Published in The Express Tribuneplutonomy, September 14th, 2015.

Reviewers have called it a 700-page punch in the plutocracy’s gut. The title of Thomas Piketty’s magnum opus suggests that he is updating Das Kapital, to bring Marx into the 21st century. Piketty documents a sharp increase in income inequalities over the last 25 years, not only in the US, but also in Canada, Britain, Australia, New Zealand, China, India, Indonesia and South Africa, with people with the highest incomes far outstripping the rest of society. However, he goes far beyond the compilation of statistics and provides a grand unified theory about the deep forces which have shaped human history over centuries. His analysis points out a fundamental conflict between free markets and democracy, directly contrary to widely accepted conventional wisdom that the two go together.

As one illustrative statistic, the bottom 80 per cent of the US population has only five per cent of the wealth, while the top five per cent has 72 per cent. This level of inequality matches the inequality levels seen around the Great Depression. Why is there so much inequality, and why does it continue to rise? Piketty’s answer is brilliantly simple: r > g. The ‘r’ is the rate of return to wealth. This is the profit that the wealthy can make when they invest. The ‘g’ is the growth rate of the economy, currently around 3.3 per cent, globally. There are two types of people in the economy. The wealthy earn money by investing their wealth, while rest must work for a living. If return to wealth is larger than the growth rate, the wealthy grow richer faster than the growth of the economy, while the earnings of the salaried classes grow at a slower rate. As a natural consequence, the rich get richer, while the bottom 99 per cent gets squeezed.

Many authors have searched for an explanation for rising inequality and slow growth since the mid-1970s. Piketty reverses the problem: what needs explanation is the rapid growth and increasing equality of the mid-20th century. His detailed historical evidence shows that slow growth and rising inequality is a centuries-old pattern for capitalism. It is only the 30 post-war years from 1945 to 1975, which form a rare exception to the historical trend. The prosperity that we have all come to associate with capitalism is an illusion based on an exceptional historical experience. The two world wars destroyed entrenched capital, re-arranged the global balance of power, and created rapid technological progress. A complex combination of other unusual factors led to a shift in the balance of power away from the non-productive wealthy, and towards the productive workers. This led to a short-lived period of rapid growth and prosperity for all, memories of which have shaped our understanding of capitalism.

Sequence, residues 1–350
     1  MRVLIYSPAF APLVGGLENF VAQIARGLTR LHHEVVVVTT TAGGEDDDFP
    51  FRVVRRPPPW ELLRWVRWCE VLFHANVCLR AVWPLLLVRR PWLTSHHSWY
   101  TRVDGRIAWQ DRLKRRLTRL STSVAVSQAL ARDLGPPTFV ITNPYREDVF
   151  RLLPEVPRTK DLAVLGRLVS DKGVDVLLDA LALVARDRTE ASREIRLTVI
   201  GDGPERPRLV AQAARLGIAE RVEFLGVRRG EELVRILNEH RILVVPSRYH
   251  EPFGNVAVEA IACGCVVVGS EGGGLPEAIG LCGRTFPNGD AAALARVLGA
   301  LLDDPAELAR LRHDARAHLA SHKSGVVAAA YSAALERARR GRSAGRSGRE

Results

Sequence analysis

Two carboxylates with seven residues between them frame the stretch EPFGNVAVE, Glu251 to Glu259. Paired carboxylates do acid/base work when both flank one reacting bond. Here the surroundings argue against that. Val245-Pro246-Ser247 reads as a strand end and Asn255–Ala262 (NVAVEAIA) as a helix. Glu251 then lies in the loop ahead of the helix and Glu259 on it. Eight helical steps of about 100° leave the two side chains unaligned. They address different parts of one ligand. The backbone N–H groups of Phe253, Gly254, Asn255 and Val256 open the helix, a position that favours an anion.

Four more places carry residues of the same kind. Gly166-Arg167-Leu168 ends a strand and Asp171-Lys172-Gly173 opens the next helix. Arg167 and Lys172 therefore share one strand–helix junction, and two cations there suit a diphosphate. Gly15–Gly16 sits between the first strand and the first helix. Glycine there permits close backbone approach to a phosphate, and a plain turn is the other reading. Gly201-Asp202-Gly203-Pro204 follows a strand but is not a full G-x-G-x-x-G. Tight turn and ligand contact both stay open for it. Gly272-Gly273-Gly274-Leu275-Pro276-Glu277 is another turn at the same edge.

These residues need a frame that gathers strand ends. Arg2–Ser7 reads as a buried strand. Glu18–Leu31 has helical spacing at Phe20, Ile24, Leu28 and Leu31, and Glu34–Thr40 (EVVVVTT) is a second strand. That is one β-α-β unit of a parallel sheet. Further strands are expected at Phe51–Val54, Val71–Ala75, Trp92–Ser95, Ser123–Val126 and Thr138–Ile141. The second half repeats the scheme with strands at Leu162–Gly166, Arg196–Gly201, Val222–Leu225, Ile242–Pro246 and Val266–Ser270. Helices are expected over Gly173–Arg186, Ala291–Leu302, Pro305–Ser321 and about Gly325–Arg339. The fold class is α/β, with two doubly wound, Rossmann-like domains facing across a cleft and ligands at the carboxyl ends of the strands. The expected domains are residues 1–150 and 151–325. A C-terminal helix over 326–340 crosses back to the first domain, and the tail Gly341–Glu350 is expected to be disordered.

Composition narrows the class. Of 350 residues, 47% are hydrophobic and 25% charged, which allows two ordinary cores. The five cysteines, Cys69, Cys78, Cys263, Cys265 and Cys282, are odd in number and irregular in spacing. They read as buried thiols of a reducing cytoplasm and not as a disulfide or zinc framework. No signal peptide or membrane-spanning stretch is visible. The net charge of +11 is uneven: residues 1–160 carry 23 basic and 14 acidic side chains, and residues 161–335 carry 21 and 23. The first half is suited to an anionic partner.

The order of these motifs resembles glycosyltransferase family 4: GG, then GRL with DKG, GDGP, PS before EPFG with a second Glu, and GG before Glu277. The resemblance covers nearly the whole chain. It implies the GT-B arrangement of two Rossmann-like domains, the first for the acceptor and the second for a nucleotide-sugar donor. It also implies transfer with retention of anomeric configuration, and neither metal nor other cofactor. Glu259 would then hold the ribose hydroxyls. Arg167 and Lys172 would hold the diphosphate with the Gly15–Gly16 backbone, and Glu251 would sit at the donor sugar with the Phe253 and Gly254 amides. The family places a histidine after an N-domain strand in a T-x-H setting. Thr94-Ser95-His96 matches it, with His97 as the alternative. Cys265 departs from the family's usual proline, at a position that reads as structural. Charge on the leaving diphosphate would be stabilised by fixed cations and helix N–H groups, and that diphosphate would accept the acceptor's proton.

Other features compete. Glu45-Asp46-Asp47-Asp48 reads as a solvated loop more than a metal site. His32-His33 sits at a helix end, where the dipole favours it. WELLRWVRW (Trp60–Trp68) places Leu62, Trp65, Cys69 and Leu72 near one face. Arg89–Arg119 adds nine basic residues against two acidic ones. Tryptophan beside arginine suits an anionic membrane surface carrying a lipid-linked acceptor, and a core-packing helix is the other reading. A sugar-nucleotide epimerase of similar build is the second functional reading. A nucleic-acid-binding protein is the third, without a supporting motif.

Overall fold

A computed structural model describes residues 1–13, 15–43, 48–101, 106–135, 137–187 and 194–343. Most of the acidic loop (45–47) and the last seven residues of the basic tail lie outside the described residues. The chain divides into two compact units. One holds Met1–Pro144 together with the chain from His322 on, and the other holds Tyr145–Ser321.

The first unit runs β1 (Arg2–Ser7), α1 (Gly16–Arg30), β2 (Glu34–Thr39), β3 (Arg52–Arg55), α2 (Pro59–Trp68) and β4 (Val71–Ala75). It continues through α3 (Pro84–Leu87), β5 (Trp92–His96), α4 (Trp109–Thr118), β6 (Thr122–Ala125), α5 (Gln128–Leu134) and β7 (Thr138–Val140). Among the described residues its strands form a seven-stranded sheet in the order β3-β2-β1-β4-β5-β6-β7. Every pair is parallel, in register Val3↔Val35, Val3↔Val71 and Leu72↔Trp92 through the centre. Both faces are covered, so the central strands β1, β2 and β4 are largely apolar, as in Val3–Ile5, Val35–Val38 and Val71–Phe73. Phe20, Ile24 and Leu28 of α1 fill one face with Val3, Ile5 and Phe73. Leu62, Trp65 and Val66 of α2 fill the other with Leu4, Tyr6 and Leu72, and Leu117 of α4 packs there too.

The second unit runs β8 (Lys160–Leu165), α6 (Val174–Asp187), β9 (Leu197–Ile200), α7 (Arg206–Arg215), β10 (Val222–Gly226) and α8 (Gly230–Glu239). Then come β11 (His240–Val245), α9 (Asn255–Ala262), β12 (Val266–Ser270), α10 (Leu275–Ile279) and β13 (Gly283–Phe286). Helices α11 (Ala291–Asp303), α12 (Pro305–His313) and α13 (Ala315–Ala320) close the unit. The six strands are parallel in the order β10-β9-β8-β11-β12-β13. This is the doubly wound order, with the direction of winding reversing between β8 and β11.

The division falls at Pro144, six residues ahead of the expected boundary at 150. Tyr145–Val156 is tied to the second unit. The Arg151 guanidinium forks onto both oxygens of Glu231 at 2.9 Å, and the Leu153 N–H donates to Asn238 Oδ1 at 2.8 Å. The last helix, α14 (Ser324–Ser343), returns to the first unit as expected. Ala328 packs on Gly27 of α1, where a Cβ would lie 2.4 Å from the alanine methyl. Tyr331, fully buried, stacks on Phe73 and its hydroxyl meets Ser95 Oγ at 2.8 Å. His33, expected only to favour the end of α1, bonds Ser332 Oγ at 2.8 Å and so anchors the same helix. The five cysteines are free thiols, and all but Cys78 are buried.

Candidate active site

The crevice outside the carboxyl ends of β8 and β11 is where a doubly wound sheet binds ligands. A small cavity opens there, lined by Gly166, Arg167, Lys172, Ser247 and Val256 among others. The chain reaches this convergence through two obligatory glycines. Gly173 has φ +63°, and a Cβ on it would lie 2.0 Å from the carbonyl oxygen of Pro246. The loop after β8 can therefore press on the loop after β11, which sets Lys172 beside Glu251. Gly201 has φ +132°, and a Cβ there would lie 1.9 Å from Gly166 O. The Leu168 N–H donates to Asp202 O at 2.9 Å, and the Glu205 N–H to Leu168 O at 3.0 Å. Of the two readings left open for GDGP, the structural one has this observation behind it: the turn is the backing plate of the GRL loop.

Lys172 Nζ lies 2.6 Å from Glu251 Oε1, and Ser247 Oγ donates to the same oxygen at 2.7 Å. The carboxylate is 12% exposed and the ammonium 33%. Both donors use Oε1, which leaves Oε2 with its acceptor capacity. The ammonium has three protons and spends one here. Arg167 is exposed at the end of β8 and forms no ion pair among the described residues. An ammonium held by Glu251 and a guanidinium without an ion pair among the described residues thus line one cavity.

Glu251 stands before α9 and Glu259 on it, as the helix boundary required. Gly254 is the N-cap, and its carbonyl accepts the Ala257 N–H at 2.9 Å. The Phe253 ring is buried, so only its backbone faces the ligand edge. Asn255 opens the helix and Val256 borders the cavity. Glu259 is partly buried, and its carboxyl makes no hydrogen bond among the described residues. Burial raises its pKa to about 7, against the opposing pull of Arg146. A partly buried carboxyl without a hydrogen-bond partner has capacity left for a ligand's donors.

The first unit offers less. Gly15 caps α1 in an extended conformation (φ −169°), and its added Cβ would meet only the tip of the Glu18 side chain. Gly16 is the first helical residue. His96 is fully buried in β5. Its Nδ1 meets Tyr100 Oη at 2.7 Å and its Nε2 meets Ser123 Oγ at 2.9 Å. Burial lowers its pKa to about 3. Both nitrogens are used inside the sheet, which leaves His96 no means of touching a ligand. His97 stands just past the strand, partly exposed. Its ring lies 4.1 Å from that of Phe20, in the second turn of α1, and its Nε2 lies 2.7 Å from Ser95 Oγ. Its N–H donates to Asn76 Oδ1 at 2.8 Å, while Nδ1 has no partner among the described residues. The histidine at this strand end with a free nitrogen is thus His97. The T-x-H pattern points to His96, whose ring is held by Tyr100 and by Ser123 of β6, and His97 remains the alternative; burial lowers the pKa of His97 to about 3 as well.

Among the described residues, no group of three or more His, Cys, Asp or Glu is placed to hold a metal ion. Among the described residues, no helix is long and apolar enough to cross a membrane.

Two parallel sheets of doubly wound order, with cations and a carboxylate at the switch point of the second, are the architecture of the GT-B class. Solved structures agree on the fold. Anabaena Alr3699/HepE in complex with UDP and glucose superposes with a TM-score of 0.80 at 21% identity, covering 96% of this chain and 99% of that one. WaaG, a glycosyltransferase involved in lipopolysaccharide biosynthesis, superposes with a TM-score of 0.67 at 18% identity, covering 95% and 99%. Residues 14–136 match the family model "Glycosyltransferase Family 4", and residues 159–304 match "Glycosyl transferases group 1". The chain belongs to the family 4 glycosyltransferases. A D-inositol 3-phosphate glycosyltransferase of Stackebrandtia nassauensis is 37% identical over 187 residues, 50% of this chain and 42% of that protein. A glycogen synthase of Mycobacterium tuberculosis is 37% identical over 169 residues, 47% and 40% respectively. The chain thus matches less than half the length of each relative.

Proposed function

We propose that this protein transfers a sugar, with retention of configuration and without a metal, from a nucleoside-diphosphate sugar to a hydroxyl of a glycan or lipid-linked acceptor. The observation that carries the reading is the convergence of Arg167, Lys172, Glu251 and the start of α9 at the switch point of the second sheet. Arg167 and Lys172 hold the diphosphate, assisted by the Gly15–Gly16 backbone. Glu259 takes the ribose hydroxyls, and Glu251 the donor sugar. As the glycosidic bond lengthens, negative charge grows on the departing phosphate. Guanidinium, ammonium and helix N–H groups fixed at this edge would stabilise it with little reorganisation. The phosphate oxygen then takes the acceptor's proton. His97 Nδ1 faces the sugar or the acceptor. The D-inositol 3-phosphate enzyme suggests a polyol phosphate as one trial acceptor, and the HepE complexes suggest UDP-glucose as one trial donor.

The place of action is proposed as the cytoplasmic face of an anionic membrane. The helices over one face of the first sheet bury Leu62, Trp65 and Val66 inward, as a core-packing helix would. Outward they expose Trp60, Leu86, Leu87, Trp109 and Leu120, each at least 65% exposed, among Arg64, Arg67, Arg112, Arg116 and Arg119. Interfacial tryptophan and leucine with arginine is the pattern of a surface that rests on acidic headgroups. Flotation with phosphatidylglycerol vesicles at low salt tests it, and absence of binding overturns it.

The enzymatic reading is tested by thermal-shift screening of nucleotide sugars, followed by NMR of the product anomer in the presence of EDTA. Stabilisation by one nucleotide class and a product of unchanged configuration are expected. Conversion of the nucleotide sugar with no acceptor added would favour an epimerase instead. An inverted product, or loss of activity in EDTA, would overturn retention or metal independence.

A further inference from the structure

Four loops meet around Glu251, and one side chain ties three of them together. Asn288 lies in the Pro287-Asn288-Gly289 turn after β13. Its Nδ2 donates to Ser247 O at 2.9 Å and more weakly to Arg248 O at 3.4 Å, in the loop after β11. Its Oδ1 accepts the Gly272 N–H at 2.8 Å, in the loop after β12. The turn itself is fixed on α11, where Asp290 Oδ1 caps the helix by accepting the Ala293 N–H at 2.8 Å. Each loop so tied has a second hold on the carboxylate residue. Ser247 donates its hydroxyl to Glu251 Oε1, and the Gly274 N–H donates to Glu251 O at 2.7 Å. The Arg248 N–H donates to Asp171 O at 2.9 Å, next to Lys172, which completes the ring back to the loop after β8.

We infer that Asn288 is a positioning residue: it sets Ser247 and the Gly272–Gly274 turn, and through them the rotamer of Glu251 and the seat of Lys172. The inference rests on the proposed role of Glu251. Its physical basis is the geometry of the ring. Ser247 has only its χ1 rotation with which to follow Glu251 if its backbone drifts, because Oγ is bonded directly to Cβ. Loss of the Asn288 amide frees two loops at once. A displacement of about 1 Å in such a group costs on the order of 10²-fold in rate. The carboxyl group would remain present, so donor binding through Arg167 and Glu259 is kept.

Looking beyond the immediate past, we find that Europe up until the First World War is a picture of ‘patrimonial capitalism’: a few wealthy families dominate society. The British and European aristocracy considered the commoners to be an inferior race and had contempt for those who had to work for a living. Similarly, capitalism did not get started in the US until the 1870s. Characteristically, it soon ushered in the Gilded Age — where massive displays of luxury by newly minted fortunes of the super-rich were combined with misery for the masses.

As exceptional conditions created by the world wars faded into the background, the underlying structural dynamics of capitalism (r>g) came back into prominence in the 1970s. With growing financial liberalisation, the rates of return to wealth overtook the rates of return to all types of work. Investors and financiers now make much larger returns than the innovators and the entrepreneurs. Global economic growth is slowing down while wealth inequality is accelerating. Not only that, but the more wealth a person or institution owns, the faster that wealth grows. For instance, from 1987 to 2013, the global rate of return on the wealth owned by the average adult was 2.1 per cent. During that same period, the rate of return on wealth owned by the average billionaire was more than 6.5 per cent. Exactly in accordance with meticulously documented centuries-old patterns of capitalist development, wealth started to accumulate in the hands of the rich, and economic growth declined as the returns from productive work declined.